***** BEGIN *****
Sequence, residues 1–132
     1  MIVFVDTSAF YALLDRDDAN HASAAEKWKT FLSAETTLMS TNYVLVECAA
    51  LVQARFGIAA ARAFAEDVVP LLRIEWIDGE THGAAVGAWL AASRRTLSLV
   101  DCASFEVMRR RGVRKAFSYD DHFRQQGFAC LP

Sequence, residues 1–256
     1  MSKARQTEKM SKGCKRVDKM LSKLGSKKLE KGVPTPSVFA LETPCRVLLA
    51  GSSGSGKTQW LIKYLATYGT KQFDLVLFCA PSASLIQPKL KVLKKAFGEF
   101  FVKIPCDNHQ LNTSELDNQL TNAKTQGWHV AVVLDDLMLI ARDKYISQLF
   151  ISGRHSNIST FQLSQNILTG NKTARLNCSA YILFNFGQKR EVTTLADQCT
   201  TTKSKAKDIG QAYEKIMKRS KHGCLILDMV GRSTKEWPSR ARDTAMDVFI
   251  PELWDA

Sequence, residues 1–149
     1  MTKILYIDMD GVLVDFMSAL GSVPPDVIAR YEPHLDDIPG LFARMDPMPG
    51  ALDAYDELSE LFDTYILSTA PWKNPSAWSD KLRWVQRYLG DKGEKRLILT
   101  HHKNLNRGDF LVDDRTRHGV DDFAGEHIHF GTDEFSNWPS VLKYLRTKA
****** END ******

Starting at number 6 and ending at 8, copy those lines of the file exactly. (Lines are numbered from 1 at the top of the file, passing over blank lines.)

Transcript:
     1  MSKARQTEKM SKGCKRVDKM LSKLGSKKLE KGVPTPSVFA LETPCRVLLA
    51  GSSGSGKTQW LIKYLATYGT KQFDLVLFCA PSASLIQPKL KVLKKAFGEF
   101  FVKIPCDNHQ LNTSELDNQL TNAKTQGWHV AVVLDDLMLI ARDKYISQLF